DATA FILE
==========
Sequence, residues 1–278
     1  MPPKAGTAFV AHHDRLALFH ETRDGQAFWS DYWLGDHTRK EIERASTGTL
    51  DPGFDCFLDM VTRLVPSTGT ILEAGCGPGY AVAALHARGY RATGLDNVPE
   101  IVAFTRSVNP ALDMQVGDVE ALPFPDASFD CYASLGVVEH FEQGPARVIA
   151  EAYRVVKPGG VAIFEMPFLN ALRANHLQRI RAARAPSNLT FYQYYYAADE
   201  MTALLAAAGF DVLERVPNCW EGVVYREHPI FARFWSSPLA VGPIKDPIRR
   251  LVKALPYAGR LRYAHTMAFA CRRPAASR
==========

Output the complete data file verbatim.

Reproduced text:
Sequence, residues 1–278
     1  MPPKAGTAFV AHHDRLALFH ETRDGQAFWS DYWLGDHTRK EIERASTGTL
    51  DPGFDCFLDM VTRLVPSTGT ILEAGCGPGY AVAALHARGY RATGLDNVPE
   101  IVAFTRSVNP ALDMQVGDVE ALPFPDASFD CYASLGVVEH FEQGPARVIA
   151  EAYRVVKPGG VAIFEMPFLN ALRANHLQRI RAARAPSNLT FYQYYYAADE
   201  MTALLAAAGF DVLERVPNCW EGVVYREHPI FARFWSSPLA VGPIKDPIRR
   251  LVKALPYAGR LRYAHTMAFA CRRPAASR